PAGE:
Geoffrey Landis is, by all accounts, a cheater when it comes to speculative writing, poetry and fiction alike, because as an employee of NASA, he's actually been closer to some of the planets which he discusses in his work than others. That being said, I love his description of Venus, which is minimal, and possibly could be developed more (volcanoes are implied, but not explicitly stated), juxtaposed against the mythological. I'm a sucker for a good juxtaposition, but the colloquial phrasing in the last line against the slightly more scientific language of the first three lines works so well in this piece that I find myself grinning wryly at every reread. It's a simple, cynical joke, perhaps, but a damn good one, and one that makes me grin every time I read it.
Burns at Both Ends • Rose Lemberg • Star*Line 32.1, Jan/Feb 2009
Lemberg might win the anthology's award for best vehicle with "feeling like gruel," which alone is enough to buy her way between these covers. That being said, the theme of this poem really works for me, especially considering that this is a poetry anthology and poetry, even as an art form, is considered by many to be frivolous when held up against things like opera, symphonies, novels, etc. Lemberg's poem caught me as almost a manifesto, and that energy also helped solidify its place in this anthology.
"with a cheap beach towel" • paul m. • Frogpond 32.3, Fall 2009
paul m's piece takes the "butterfly effect" to such a speculative extreme that I couldn't help but include it in this anthology. It's a very straight forward poem, but the buildup between each line is so well crafted that readers can't help but be caught off guard, and that energy and shift in perspective also propelled this piece.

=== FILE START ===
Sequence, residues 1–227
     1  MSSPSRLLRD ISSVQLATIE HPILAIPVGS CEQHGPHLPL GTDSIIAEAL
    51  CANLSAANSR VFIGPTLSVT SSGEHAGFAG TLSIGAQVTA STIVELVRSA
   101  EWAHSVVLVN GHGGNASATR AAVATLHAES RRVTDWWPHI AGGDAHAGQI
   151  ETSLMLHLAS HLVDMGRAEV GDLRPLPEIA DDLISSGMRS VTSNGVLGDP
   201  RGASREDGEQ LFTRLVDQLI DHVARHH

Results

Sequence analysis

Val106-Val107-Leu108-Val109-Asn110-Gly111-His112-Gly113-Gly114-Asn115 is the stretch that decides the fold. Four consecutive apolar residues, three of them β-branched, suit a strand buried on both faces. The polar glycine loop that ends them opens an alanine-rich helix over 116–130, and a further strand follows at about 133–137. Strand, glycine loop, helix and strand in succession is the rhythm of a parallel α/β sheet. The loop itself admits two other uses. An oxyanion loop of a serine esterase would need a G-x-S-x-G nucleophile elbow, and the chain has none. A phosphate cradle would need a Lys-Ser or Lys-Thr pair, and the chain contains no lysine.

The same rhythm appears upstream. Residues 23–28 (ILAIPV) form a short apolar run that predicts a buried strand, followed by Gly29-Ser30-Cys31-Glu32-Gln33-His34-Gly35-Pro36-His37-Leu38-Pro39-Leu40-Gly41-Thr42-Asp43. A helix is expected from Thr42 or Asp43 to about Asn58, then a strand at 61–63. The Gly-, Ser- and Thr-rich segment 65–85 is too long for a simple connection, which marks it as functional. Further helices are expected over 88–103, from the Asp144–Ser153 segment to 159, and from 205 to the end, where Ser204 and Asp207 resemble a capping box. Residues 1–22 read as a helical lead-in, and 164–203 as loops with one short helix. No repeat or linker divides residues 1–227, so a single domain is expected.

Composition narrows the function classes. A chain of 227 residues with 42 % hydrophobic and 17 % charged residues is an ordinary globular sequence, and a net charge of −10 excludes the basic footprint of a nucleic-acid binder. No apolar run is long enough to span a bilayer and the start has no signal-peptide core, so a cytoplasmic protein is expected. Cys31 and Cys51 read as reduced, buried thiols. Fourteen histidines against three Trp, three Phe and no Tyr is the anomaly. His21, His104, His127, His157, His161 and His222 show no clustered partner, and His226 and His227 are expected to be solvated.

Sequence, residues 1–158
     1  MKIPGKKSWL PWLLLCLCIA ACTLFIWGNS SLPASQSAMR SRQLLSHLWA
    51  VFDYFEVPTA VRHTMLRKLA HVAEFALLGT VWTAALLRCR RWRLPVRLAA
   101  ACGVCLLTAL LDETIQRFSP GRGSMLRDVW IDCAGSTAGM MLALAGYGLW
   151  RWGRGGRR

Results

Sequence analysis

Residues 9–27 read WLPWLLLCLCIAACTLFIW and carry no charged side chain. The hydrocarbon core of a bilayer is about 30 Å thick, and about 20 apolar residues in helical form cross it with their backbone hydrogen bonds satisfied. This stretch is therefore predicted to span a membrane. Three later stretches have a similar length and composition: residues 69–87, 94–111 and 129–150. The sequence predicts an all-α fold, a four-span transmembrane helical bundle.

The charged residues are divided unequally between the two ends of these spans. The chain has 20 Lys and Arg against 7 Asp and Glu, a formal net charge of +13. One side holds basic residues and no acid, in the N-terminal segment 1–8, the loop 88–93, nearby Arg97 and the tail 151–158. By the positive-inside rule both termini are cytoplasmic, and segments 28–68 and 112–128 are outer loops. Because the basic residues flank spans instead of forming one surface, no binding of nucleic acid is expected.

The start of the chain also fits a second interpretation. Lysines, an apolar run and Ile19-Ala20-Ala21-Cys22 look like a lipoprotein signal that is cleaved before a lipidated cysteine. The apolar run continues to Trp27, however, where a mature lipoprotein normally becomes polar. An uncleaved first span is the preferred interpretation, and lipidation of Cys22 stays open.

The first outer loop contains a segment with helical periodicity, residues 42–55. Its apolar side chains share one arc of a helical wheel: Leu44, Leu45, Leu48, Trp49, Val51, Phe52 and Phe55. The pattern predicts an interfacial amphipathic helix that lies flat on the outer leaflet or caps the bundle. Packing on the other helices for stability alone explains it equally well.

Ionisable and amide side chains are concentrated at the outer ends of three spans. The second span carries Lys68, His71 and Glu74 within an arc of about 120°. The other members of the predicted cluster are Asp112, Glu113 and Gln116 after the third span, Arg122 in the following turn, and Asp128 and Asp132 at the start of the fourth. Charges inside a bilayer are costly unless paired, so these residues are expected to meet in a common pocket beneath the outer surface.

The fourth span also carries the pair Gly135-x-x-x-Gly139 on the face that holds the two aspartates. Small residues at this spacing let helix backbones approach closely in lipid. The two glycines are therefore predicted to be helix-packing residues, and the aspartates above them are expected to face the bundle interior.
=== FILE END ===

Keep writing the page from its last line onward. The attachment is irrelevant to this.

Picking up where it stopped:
"her hand in mine" • paul m. • Mariposa 20, Spring/Summer 2009
:::GUSH::: The juxtaposition in this piece creates such a romantic tone that I'm jealous of paul m. for writing it. The opening image sets up a tone, but the second image in the last two lines, especially with the line break that creates a yearning in the reader to know "enough...of what?" is so poignant that I couldn't help but include this piece in the anthology.
"Jedi mind trick—" • Tanya McDonald • Modern Haiku 40.1, Winter/Spring 2009
What can I say? "The poem is strong with this one." It's a great senryu, very cleverly written, and it mentions Jedis, which allows McDonald to roll a D20 for geek points to the point that she might be able to buy her own lightsaber.
"telling fortunes …" • Vasile Moldovan • Magnapoets, January 2009
Is this mythic or horror? I don't know, but I love the dark implications of the last line. I know it's been done before, but Moldovan's twist on the familiar cliche leaves the reader with what I feel might actually be a more depressing tone than the lifeline simply running out. It's a lonely poem, taking a cliche into a more desolate place, dragging the reader along with it.
"meteor shower" • Joanne Morcom • Scifaikuest, Feb 2009
There are many readers and editors who don't like the "a-ha" of a piece to be the simple fact that the reader is on a different world/planet/reality/etc. However, in a short form like scifaiku, that sort of "a-ha" can be intensified in a short space with minimal language, and resonate more fully with the reader. That's exactly what Morcom does in this piece. Starting of ordinary (meteor showers are certainly a noteworthy occurrence, but not too exceptional) then building towards the extreme speculative, with possible undertones of world/civilization destruction, Morcom shifts the reader to an extreme in ten words, leaving them with a lingering wonder or curiosity.
"falling on your face" • Scott Nicolay • Scifaikuest, Aug 2009
This is another poem which, like Morcom's, creates an "a-ha" by shifting the reader from the ordinary to the speculative in such a short period of time that the moment works. It's not a multilayered poem, though it does leave the reader wondering what, exactly, has four wings and whether or not they should be concerned as they trudge through the pampas. These sorts of lingering feelings and questions are always useful in poetry, and work well in this piece.